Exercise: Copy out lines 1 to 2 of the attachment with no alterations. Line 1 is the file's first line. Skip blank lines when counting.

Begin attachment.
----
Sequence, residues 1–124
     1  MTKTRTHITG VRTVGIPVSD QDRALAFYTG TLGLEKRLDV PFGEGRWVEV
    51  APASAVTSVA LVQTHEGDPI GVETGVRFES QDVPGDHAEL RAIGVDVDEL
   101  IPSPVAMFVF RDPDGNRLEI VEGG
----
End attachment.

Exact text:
Sequence, residues 1–124
     1  MTKTRTHITG VRTVGIPVSD QDRALAFYTG TLGLEKRLDV PFGEGRWVEV